World Water Day: Celebrating Water for Life

World Water Day poster. Photo Credit:

By Katelin Haley
Peace & Justice Editor

Each morning you wake up, take a shower, brush your teeth with water from the faucet, drink a glass of water with your breakfast, and wash your dishes.  You might take a water bottle with you to class and fill it up at any of the numerous water fountains across campus.  If you attend a religious service, you might utilize water in the ceremony.  Each time you use the rest room and wash your hands, you have no fears about the sewage entering your drinking water.  You are confident that the water you are using for each of these tasks is healthy, clean, and even fortified with minerals to make it better for you.  Over one billion people worldwide do not have this luxury and spend their mornings walking miles to a source of water, painstakingly tracking each use and hoping that they and their families do not get any illnesses from contaminated water.  March 22, World Water Day, is a day for people across the globe to celebrate the necessity of water in our daily lives and work towards bringing clean water to everyone across the globe.

World Water day was founded in 1992 in after the United Nations Conference on Environment and Development.  Later, the years 2005-2015 were declared the UN international Decade for Action: Water for Life to instill some sense of urgency and encourage action on the issues surrounding access to safe and clean drinking water.  Since its establishment, World Water Day has had a different focus each year with the focus for 2009 being transboundary water.  Transboundary water is any body of water that lies between two countries.  The shared water border can lead to conflicts with ownership, cleanliness, and rights to access. Over 200 treaties have been signed regarding transboundary water in the past fifty years.

Water is a necessity for living and is the root of many of the worlds social injustices.  Former United Nations Secretary-General Kofi Annan emphasized the necessity of water by saying “we shall not defeat AIDS, tuberculosis, malaria or any of the other infectious diseases that plague the developing world until we have also won the battle for safe drinking water, sanitation, and basic health care.”  Water is essential in each of those battles and is essential for every part of our daily lives.  It takes about 3,000 liters of water to produce your daily food intake, 1,000 times what you need for drinking purposes.  A person can live without food for several weeks, but can only survive without water for several days.  Over 4,000 children die each day from a lack of safe drinking water.  Water related natural disasters claimed the lives of 665,000 people in the years 1991-2000.  Water is the place where diseases, parasites, and infectious agents can spread and directly enter the body.  Lack of water leads to dehydration and malnutrition, as no sustainable crop can be made without water.  By providing the simple necessity of water, billions of lives could be saved each year.  Recognize World Water day this year by celebrating each time you use water and working to get water to those in need.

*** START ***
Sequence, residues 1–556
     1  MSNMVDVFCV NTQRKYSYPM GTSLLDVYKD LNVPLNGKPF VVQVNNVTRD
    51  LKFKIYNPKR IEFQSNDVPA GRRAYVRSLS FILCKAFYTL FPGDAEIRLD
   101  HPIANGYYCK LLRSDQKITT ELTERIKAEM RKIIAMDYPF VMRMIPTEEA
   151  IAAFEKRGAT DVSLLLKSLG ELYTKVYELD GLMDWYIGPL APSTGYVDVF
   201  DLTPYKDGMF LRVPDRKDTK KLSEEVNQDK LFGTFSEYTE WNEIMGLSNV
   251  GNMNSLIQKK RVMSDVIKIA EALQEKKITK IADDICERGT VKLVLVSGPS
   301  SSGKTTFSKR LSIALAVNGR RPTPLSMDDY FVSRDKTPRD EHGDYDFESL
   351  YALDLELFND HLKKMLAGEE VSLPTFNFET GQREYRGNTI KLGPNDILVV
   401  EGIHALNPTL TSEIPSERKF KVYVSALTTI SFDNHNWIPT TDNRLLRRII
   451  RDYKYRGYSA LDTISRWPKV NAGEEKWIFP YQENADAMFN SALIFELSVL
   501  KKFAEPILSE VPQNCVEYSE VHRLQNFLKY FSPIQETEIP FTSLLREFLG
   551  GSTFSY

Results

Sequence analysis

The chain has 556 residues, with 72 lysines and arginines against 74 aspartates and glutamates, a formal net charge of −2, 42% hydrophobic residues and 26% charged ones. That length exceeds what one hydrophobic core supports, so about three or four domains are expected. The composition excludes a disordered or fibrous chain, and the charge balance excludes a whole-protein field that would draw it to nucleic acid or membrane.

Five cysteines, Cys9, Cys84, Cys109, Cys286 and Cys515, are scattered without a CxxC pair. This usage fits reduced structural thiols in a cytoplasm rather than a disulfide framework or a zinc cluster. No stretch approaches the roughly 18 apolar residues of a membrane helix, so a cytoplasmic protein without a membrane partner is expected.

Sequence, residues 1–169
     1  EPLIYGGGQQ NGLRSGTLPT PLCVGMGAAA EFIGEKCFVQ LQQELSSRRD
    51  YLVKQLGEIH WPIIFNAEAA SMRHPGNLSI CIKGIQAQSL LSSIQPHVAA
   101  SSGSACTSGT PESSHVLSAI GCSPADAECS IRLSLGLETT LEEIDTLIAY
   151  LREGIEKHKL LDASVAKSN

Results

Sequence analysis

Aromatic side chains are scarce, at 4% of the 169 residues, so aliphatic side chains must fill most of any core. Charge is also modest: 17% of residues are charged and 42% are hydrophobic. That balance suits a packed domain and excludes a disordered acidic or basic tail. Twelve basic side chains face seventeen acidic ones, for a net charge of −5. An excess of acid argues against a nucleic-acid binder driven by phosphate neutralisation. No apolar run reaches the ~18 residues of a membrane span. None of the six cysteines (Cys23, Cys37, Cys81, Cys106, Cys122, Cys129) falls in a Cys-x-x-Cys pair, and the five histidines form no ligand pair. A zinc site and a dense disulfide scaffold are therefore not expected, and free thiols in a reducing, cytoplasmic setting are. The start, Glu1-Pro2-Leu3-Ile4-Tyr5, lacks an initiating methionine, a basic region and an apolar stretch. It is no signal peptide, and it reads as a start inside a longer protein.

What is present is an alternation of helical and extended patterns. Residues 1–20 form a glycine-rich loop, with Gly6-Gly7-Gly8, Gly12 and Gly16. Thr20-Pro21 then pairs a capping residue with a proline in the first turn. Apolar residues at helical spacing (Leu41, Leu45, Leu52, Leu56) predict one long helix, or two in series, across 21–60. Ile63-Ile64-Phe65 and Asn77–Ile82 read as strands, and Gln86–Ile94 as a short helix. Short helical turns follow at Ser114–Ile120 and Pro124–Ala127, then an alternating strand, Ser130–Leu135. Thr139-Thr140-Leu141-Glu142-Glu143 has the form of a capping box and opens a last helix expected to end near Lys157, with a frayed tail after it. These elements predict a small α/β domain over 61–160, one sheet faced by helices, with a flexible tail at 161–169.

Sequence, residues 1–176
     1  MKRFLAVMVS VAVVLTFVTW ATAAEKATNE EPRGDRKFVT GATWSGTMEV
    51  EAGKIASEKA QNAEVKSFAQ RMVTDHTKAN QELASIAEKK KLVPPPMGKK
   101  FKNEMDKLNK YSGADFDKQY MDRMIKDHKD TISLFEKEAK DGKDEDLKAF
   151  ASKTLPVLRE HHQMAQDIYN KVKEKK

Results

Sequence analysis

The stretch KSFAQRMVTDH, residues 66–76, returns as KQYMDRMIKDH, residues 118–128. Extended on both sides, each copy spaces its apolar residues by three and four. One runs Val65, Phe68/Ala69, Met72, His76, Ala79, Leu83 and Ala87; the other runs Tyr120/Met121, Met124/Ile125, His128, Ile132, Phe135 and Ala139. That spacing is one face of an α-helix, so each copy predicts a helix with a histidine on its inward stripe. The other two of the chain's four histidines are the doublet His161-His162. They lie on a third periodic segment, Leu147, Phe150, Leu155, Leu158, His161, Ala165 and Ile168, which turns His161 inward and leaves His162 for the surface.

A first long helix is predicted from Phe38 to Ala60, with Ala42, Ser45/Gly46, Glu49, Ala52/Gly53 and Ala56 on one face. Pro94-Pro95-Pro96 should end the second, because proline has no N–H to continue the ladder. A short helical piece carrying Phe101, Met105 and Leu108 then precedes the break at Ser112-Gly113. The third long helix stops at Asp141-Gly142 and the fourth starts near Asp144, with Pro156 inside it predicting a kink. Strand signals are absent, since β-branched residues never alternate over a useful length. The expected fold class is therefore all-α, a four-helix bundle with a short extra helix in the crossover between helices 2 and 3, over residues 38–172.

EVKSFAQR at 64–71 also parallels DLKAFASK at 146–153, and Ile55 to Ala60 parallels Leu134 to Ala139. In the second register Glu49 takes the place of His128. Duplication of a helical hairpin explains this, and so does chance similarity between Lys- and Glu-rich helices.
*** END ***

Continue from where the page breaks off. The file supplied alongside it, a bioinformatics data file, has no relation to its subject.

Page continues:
Do your part each day by turning off the water when you brush your teeth, fixing leaky faucets, and taking shorter showers.
Look for events on campus later in the semester to help bring water to those in need.